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Friday, November 2, 2012

Mats Gustafsson: Mats G plays Gullin (Sagittarius A-Star, 2012) ****

By Martin Schray

Mats Gustafsson is not only a passionate musician, he is also a dedicated collector of all kinds of music. On his website you can find a link to his Discaholic Corner, a site where he trades vinyl. After a concert he told me that for him vinyl was definitely superior to CDs, and the best format was 7-inch. He proudly said that he finally was able to find a company in California which presses flexi discs for him.

An interesting side effect of his manic acquisitiveness is his profound knowledge of jazz history which creeps directly into his music, especially when he records tribute albums. This year he has already released “Bengt”, an album in commemoration of Bengt Nordström, a legendary Swedish sax player and producer, and now Gustafsson presents an homage to another famous musician of his home country: Lars Gullin. Gullin (1928 – 1976) was a renowned baritone sax player, his cool sound reminds one of Gerry Mulligan. His most famous composition is “Danny’s Dream”, a song for his son, which is played by Gustafsson here.

The original is a wonderful cool jazz track in the tradition of Chet Baker or Stan Getz, but primarily Gustafsson is not interested in the beauty but in the dark capacity of the song, he treats it like a real dream. Although he is using the original theme, he plays it slower, unimposing, breathy, he exposes layer after layer of the dream, it seems as if he is peeling an onion. While the first level is still gentle and comfortable, the following levels become gloomier and more haunting until we are listening to the soundtrack of a nightmare. In the end – before the sleeper wakes up again – Gustafsson returns to the theme. After 22.30 minutes the dream is over.

In his excellent review on Joe McPhee’s late 1970s reissues Paolo Casertano mentioned that artists like Colin Stetson, Ken Vandermark and Mats Gustafsson have benefited from Joe Mc Phee’s seminal extended techniques and he is absolutely right here. Like McPhee, who cannot deny his blues roots, Gustafsson is influenced by his folk traditions and works on taking this tradition to the next level.

Mats G plays Gullin is the 3rd album in a series of three solo one-sided LPs, the previous two -  Mats G plays Duke E and Mats G plays Albert A - were released on Qbico and are out of print. The album is limited to 99 copies and 26 special editions only. You better be quick.


Paolo said...

I really think Mats Gustafsson is maybe the most prominent figure in the contemporary free jazz scene. For I believe that being a great artist can’t be just about technical skills and a recognizable style, I like how he seems eager to be involved in any conceivable project, the way he loves music in its entirety, how he finds even time to trade old vinyl, the attention for his musical roots and for new tendencies. I don’t know him but he gives me the idea that he could accept to perform with me in a maracas/triangle duo because, despite the evidence that he’s a master musician, when he plays - no matter what - he seems to be happy. And music should be always about this. Thanks Martin to let me know about this gem that I still haven’t the chance to listen. But I’ve got a crush on “Bengt” in any case…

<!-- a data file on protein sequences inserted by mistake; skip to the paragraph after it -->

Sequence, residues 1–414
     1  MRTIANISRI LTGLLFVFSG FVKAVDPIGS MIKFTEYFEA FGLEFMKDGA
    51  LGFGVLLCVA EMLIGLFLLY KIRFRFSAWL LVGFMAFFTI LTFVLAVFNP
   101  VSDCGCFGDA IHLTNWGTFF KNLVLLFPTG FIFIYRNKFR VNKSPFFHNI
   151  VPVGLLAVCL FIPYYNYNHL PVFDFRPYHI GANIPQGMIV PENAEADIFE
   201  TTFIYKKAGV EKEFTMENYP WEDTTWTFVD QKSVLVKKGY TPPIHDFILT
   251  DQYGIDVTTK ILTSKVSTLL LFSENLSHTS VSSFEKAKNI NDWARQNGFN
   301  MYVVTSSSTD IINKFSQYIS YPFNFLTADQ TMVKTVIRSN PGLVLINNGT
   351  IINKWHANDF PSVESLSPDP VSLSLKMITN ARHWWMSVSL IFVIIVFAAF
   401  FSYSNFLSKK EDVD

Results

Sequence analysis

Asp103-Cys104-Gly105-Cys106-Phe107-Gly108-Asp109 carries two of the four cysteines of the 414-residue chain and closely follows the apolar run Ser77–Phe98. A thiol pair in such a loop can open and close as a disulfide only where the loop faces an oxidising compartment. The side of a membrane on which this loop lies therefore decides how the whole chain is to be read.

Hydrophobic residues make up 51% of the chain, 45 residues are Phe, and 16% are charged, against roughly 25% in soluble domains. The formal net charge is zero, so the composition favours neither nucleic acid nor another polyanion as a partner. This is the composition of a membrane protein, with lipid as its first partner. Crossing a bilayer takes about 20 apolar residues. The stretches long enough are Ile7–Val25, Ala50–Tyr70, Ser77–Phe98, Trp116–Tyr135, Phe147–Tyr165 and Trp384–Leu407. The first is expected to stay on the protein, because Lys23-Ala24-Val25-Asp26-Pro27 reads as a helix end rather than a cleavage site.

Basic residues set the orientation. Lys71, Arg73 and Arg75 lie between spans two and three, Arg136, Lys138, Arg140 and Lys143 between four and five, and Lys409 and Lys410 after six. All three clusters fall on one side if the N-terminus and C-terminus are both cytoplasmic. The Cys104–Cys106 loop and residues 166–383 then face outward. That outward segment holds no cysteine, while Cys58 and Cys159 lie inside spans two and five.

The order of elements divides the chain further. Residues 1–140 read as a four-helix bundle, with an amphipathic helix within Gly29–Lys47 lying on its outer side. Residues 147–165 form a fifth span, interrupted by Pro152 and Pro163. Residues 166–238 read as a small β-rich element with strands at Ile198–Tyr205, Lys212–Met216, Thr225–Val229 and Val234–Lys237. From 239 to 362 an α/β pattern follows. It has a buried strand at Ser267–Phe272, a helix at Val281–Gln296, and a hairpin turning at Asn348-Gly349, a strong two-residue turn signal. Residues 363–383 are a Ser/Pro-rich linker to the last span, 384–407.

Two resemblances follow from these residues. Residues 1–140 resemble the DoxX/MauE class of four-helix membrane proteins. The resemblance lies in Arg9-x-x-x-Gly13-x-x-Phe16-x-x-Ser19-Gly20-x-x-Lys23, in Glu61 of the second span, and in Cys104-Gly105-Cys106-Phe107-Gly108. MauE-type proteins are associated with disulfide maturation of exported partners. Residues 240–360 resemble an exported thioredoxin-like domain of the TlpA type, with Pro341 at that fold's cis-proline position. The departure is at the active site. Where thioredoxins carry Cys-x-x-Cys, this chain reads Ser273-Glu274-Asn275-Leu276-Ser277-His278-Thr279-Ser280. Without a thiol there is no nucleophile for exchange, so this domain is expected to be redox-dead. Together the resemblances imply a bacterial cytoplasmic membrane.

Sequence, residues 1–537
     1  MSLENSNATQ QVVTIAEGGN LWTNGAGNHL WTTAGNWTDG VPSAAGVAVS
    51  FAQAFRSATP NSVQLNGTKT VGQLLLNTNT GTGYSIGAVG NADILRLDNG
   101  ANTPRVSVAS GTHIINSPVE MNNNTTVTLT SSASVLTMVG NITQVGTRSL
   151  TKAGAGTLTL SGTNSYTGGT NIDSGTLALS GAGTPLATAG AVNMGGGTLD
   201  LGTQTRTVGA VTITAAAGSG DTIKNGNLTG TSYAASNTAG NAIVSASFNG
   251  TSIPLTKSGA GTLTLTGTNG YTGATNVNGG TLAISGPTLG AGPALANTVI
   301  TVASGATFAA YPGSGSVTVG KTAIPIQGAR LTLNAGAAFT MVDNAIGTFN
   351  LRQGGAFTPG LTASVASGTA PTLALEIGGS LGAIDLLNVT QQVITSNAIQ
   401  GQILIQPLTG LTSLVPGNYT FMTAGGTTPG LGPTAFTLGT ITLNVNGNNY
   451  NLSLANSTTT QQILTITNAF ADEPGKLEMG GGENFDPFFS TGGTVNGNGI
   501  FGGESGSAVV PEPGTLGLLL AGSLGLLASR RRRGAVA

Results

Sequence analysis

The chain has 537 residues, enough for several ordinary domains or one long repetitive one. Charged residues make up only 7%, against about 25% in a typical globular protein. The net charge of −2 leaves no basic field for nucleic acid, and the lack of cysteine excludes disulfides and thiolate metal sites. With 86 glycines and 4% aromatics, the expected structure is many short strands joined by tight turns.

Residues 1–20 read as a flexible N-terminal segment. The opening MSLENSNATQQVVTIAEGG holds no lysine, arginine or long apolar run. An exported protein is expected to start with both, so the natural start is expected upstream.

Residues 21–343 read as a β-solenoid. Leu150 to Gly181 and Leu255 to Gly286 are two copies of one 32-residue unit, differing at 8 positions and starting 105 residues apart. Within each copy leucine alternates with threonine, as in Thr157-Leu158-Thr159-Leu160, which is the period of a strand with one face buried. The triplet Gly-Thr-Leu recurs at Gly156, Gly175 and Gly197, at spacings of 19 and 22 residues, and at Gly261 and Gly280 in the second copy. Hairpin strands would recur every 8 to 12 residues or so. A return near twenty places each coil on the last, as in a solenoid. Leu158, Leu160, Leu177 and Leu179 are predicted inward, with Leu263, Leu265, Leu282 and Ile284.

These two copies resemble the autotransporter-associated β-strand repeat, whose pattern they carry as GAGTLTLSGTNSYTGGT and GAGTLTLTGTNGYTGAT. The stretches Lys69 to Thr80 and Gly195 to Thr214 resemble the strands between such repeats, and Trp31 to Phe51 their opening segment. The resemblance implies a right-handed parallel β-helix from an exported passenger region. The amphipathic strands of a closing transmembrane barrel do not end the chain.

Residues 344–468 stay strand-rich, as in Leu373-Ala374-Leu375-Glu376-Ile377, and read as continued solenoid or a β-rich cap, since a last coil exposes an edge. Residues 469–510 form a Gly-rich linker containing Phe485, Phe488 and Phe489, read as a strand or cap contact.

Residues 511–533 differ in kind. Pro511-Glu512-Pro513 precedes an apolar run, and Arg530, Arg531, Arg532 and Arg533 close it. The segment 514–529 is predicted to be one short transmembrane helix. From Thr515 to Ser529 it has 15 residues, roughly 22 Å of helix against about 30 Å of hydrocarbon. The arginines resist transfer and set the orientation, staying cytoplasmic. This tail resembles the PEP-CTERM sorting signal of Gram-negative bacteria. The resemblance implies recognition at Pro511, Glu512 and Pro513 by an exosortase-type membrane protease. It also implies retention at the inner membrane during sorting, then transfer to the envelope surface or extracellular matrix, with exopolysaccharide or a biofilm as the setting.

Now, carrying on with an old issue we started lately. I love vinyl but I disagree about the recent overproduction of 7-inch in many musical genres. Obviously, especially independent labels must choose a format and deliver an artistic product that justify the purchase of a release and limit the risk of illegal download. Vinyl limited editions with digital download included are a practicable way. 7-inch editions are in my opinion a too elitist choice, usually not justifiable with 5/10 minutes of music, no matter how good it is. What do you think?

Finally, about our reciprocate, solid and really legitimate esteem and tune … maybe we should tell everyone here around when we almost killed each other to grab the right to review that famous album … do you remember? Was it in the 7th Monthly FreeJazzBlog fight-to-death Contest? My wounds still itch…

Martin Schray said...

I also think that the 7inch business does not really work for free jazz, it makes sense in the pop world. But Gustafsson is also a manic DJ, in Ulrichsberg he was the creative force behind a 24-hour-Sun-Ra-marathon. Word is that it was fantastic.
I have too admit that I consider "Bengt" one of his weaker productions (we are complaining on a really high level here) and I am looking forward to review another of his gems next week. Take that, Paolo! Maybe we should tell the others about our little competition. I am still feeling woozy as a result of your famous right jab. How could I forget ...